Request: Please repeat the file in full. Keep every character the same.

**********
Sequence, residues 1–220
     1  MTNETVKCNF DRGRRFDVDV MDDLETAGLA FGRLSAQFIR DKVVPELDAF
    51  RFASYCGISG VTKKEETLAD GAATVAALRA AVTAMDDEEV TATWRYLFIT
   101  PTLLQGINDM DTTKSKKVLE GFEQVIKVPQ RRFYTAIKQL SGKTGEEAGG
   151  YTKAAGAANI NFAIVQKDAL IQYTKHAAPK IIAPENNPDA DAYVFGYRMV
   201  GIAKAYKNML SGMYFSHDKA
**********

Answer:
Sequence, residues 1–220
     1  MTNETVKCNF DRGRRFDVDV MDDLETAGLA FGRLSAQFIR DKVVPELDAF
    51  RFASYCGISG VTKKEETLAD GAATVAALRA AVTAMDDEEV TATWRYLFIT
   101  PTLLQGINDM DTTKSKKVLE GFEQVIKVPQ RRFYTAIKQL SGKTGEEAGG
   151  YTKAAGAANI NFAIVQKDAL IQYTKHAAPK IIAPENNPDA DAYVFGYRMV
   201  GIAKAYKNML SGMYFSHDKA